family brewers has declined, while the market shares of national
and international brewers have increased.
4.2 In Scotland there is effectively a duopoly
between Scottish and Newcastle and Bass. In addition much of Scotland's
free trade is tied by loan agreements.
4.3 CAMRA welcomes the decision of the Secretary
of State for Trade and Industry to retain the guest beer provision,
as we believe it has an important role to play as long as any
national brewer has a tenanted estate and as a method of promoting
4.4 Wholesaling and distribution are largely
controlled by the national brewers (Scottish Courage, Carlsberg
Tetley and Bass Tradeteam) and the practice of discounting wholesale
beer prices to attract pub chain contracts is rife. This practice
disadvantages small brewers and small independent pub groups.
4.5 CAMRA opposes all takeovers and mergers
in the brewing and pub industries which cannot be shown to offer
clear benefits to consumers. The continued vigilance of the Competition
Authorities is vital to ensure a level playing field for small
operators, and a fair deal for consumers.
5. FULL PINTS
5.1 CAMRA fully supports the Government's
proposals to introduce new legislation to provide consumers with
proper protection against short beer measures.
5.2 A number of surveys by local authorities
and CAMRA have found that four out of five pints served in pubs
are under measure, and that one pint in four is short by more
than five per cent, in breach of the guidelines of the Brewers
and Licensed Retailers Association. Consumer surveys have shown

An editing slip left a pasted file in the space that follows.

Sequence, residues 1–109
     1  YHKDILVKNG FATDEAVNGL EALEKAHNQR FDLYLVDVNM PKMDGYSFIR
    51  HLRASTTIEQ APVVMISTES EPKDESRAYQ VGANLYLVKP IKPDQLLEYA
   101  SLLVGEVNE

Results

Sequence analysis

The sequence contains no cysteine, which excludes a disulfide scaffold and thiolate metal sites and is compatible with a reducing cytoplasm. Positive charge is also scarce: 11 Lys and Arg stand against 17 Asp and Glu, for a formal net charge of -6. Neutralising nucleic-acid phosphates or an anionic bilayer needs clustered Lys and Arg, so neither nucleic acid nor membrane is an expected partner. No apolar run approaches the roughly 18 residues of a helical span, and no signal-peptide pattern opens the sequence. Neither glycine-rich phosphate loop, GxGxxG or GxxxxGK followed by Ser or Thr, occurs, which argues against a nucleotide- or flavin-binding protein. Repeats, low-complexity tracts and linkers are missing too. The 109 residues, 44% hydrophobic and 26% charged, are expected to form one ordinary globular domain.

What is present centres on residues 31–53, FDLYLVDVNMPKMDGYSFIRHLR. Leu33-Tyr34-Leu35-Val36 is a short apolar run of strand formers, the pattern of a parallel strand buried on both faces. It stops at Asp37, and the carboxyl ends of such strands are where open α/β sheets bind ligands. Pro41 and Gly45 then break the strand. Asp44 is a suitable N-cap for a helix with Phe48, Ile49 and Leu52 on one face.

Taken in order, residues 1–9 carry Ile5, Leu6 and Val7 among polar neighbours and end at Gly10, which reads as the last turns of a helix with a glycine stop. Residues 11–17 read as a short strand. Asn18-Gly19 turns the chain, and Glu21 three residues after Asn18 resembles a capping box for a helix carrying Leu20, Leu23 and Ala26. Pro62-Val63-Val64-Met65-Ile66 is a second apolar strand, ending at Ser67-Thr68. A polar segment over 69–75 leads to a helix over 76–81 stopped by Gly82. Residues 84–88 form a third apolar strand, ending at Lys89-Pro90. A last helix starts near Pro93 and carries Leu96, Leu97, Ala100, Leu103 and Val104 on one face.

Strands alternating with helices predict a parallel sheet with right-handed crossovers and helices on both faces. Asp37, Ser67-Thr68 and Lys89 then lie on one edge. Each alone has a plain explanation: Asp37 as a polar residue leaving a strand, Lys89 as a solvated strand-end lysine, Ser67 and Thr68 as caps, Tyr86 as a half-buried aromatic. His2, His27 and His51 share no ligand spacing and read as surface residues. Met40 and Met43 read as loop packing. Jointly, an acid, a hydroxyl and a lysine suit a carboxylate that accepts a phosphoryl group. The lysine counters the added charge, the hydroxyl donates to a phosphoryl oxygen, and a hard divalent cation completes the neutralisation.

consistent support for a tightening of the law against short measure.
6.1 The drinks industry is a highly regulated
industry with the involvement of numerous different Government
departments. In the drinks industry more than any other a joined
up approach is needed. Furthermore the Scottish drinks industry
is affected by policies from the European Union; the British Government,
the Scottish Executive, and local authorities. Good levels of
communication between separate tiers of Government are important
to ensure the creation of consistent public policy.
6.2 CAMRA supports the industry's campaign
to cut excessive red tape to the extent that we believe that many
areas of regulation are in need of simplification with a single
point of contact. Maintaining consumer protection however must
be assured before any regulations are abolished.
7.1 A reduction in excise duty; a system
of progressive beer duty; full pints; and continued vigilance
by the competition authorities are important policy changes through
which Westminster could help ensure a fair deal for Scottish consumers.
1. CAMRA, The Campaign for Real Ale, is
a not for profit, independent voluntary consumer body which exists
to promote the interest of both beer drinkers and pub goers.
2. CAMRA was founded in 1971 and its membership
now exceeds 59,000.
3. CAMRA's mission is to act as the champion
of the consumer in relation to the UK and European drinks industry.
Its aims are as follows:
Maintain consumer rights.
Promote quality, choice and value
Support the public house as a focus
for community life.
Campaign for the greater appreciation
of traditional beers, ciders and perries as part of national heritage
4. CAMRA is funded by members' subscriptions,
sales of publications and products and proceeds from beer festivals.
90 BLRA-Statistical Handbook 2000 (BLRA, London 2000). Back